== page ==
We live a couple of miles from one of only a few a watchmakers in our very metropolitan area. Because droplets of moisture have sometimes gotten into the watch and condensed on the inside of the crystal, I wanted to talk with him about cleaning and lubricating the watch. The watch also stopped recently, but I got it going again by gently poking with a toothpick at the wheel that drives the second hand. I thought there may be a tiny piece of debris inside the watch, and cleaning would be a very good idea. The watchmaker has a very thick foreign accent and shook his head, "No!" when I asked about cleaning. He said, "New battery! One year!" When the watch was new, the first battery lasted 7 years. I have 3 1/2 years on the present battery. This watch is still supposed to keep accurate time when the battery is getting low, but the second hand begins to jump in 2 second increments every 2 seconds as a sign the battery needs to be changed. I have not seen that, yet, so I assume the battery still has some life in it..Still, some sites urge replacing the battery every two years, even if no inaccuracy problems are evident. I do not know if it makes a difference, but the watch came with a silver-oxide battery. The present battery is an alkaline battery.Tools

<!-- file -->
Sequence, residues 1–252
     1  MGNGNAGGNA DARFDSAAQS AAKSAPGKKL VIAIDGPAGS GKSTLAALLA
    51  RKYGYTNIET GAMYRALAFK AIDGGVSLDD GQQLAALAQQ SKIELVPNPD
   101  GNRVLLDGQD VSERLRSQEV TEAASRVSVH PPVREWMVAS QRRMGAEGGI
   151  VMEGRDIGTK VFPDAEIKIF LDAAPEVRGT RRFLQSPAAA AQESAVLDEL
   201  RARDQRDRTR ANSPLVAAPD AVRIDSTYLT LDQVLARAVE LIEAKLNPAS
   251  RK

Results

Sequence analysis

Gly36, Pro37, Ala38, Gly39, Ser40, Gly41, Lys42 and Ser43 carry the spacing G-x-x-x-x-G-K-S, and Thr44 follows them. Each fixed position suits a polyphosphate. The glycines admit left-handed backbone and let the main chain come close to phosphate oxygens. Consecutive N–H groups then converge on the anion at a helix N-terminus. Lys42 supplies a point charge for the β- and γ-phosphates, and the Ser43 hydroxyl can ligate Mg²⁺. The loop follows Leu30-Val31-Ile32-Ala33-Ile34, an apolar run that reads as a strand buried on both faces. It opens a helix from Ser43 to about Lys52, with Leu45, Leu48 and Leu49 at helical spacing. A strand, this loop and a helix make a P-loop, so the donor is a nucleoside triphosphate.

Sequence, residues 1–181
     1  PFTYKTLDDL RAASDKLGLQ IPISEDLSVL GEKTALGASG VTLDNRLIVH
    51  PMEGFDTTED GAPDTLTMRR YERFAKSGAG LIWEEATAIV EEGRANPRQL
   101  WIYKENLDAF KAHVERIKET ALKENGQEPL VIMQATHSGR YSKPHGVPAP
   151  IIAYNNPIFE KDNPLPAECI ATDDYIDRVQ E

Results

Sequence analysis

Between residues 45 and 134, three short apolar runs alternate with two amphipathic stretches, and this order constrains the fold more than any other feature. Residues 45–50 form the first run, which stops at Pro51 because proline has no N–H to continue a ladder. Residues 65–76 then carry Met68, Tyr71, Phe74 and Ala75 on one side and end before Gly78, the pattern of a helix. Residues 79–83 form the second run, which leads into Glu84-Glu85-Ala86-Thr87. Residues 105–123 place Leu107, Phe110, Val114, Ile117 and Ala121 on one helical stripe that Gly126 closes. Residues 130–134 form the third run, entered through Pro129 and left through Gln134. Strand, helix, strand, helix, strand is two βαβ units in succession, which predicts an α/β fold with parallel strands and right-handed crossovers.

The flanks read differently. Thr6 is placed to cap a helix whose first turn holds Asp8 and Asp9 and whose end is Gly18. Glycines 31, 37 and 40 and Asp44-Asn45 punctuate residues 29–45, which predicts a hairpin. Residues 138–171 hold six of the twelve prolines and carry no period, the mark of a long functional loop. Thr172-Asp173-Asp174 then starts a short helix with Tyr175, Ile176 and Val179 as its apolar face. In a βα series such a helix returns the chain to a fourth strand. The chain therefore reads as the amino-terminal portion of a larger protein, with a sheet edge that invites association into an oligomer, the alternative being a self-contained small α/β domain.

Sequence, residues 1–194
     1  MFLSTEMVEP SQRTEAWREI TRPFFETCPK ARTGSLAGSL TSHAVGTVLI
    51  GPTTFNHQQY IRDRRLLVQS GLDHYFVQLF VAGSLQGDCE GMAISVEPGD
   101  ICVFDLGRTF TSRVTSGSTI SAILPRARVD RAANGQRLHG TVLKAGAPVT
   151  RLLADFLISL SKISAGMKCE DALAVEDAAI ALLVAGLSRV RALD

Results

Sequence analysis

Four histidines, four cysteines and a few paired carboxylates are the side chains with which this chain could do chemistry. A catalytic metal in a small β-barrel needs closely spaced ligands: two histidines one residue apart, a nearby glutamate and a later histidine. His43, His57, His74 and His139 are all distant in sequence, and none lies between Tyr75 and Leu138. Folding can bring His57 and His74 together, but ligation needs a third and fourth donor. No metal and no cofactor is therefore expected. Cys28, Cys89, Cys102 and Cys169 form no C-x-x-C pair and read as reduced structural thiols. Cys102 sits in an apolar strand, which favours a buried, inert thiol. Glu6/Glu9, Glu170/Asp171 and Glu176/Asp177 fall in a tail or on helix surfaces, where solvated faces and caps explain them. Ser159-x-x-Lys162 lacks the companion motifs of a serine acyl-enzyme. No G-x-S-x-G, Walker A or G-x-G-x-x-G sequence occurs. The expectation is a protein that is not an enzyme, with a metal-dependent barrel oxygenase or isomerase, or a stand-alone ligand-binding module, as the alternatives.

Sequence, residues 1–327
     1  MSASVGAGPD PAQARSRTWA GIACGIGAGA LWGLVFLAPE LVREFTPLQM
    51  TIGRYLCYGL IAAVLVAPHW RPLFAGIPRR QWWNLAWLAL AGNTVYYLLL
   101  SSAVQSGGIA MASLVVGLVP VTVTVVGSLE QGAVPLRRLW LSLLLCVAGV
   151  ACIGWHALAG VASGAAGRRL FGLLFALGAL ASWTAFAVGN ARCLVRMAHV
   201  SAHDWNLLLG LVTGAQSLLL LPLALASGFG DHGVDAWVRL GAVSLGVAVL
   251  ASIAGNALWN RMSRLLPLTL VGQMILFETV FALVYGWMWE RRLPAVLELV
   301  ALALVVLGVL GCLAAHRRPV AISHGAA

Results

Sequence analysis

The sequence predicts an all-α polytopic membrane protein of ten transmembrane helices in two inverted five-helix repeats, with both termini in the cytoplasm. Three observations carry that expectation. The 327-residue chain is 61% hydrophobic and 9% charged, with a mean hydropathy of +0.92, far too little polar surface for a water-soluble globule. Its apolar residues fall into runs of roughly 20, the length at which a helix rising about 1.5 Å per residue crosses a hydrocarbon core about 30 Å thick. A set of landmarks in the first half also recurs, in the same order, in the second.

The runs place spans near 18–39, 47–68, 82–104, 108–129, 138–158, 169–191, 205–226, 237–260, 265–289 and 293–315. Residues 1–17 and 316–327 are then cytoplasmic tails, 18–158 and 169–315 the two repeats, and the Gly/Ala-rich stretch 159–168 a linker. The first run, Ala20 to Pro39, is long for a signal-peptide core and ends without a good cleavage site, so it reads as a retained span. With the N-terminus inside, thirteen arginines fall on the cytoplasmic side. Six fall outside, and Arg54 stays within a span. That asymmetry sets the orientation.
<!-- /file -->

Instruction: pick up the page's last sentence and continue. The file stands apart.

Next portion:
Spanner wrench to remove the back
Ballpoint pen or jeweler's screwdriver to depress the stem lock
Canned air with a guide tube
Rubber cement or a properly sized "O"-ring
The photo shows me pretending to be a watchmaker.